I remember clearly when the topic of sex education was introduced to me in Grade 7. I was both curious and embarrassed. There I was, in a classroom with 24 other students, talking about the human reproductive system. The teacher—whom you dared not anger for fear that she would unleash the wrath of God on you—talked about penises and vaginas in the same sentence. I was shocked. It was the first time that I heard an adult talk about sex.
I remember that lesson like it was yesterday. It must have had a profound impact upon me because, prior to that class, I received my sex education from magazines, the playground, and my cousins who, at the time, believed they were experts.
Growing up, I discovered that many people I knew didn’t have discussions about sex with their parents. Some parents didn’t know how to approach the subject. Some were simply squeamish about the subject matter. Others felt that talking about sex would only make young people more curious about it. And, in some cases, it was culturally taboo to discuss it.
Ontario’s sexual health curriculum hasn’t changed in over 15 years. It is the oldest and most outdated sex ed curriculum in Canada. When the curriculum was created, there was no such thing as Facebook, Twitter, or Tumblr. Today, the Internet almost certainly provides more information about sex than it does about any other subject.
In today’s world, young people need to know the dangers that lurk online and the current curriculum fails to address those threats.
The classroom is a non-threatening, safe place for learning. It is entirely logical and sensible that sex education be taught in such an environment.
Michael Erickson, a teacher with the Toronto District School Board (TDSB), has said that “Teachers, at the end of the day, do care about their students, but we don’t always have the tools we need to do our job with excellence.”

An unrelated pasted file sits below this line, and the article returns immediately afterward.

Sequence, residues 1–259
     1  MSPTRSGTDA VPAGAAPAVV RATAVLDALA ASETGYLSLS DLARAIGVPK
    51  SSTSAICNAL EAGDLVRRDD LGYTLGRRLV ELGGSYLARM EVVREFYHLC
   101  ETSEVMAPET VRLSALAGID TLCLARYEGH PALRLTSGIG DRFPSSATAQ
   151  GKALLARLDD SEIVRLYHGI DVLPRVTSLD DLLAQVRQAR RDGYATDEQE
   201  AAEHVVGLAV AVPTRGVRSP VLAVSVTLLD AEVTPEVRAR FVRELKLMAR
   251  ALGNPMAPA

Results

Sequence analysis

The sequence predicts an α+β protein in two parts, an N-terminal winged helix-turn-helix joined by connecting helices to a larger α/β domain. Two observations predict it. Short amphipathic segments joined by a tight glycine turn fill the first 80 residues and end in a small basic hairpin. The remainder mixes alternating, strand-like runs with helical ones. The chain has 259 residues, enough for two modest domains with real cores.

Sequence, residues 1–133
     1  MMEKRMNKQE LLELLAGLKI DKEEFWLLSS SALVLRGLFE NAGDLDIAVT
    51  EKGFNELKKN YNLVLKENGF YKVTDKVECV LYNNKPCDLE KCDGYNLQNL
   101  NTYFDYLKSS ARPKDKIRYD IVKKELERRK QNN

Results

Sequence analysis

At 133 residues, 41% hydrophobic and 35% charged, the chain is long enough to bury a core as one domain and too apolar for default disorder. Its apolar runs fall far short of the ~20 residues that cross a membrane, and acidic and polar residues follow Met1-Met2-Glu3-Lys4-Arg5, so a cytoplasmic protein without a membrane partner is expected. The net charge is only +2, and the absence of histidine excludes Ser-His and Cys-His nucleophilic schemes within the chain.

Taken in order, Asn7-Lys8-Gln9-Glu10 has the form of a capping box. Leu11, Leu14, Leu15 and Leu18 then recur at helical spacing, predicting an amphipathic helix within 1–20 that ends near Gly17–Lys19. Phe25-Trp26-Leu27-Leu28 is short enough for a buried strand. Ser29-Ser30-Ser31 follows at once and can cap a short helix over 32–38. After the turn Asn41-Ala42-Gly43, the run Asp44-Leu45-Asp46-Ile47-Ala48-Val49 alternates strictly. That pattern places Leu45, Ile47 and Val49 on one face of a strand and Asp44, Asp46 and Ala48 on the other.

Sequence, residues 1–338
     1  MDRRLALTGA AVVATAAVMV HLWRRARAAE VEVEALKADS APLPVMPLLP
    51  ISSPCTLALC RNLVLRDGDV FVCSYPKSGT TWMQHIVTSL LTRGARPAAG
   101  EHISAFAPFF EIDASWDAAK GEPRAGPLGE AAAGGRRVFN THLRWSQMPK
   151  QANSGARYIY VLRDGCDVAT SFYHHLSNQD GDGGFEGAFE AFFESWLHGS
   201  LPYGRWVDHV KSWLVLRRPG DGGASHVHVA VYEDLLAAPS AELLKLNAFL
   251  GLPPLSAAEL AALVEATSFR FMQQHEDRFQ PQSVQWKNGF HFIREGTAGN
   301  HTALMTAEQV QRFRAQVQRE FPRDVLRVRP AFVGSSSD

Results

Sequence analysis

TDSB has gone as far as suspending a teacher at Delta Senior Alternative School for posting a graphic sex education pamphlet.
Some parents and students launched a petition to have the teacher reinstated. This is a prime example of a teacher wanting to educate and provide up-to-date, relevant information for students but instead is handcuffed by the status quo.
Most parents don’t have the tools to educate their children about sex. In some cases, young people don’t want to have conversations about sex with their parents. (I sure didn’t!) That being said, the discussion about sex doesn’t have to start and end in the classroom. Parents can clarify or elaborate on the subject matter as they see fit. In the classroom, though, we need to focus on the science and the practical rather than the moral or religious aspects of the sex ed curriculum.
It is important to note that 87% of parents agree that sexual health education should be provided as part of overall health education.
The Ontario government has an updated sex-ed curriculum collecting dust. Some religious groups and some parent groups oppose it because they regard it as being too explicit and age inappropriate. Some have gone as far as saying that the material is borderline pornography.
I often wonder if some of these groups think that we all live in a bubble—and that students are naïve about the subject. It also seems to me that Ontario’s governing party is more concerned about votes than with the health and welfare of our students.
Toronto Public Health, the University of Toronto and the Hospital for Sick Children have all released reports asking the provincial government to update its lesson plans.
It has been shown, time and again, that when teens are given accurate information, they make better choices about their sexual activities.
In California, for instance, teen birth rates have plummeted to their lowest levels in 20 years following the implementation of state law that requires public schools to offer comprehensive sex education classes with scientifically accurate information.
In US jurisdictions that don’t have similar policies, teen pregnancy rates remain alarmingly high.
Let’s do our due diligence. Let’s start talking about providing relevant and up-to-date sex education in all of Ontario’s schools.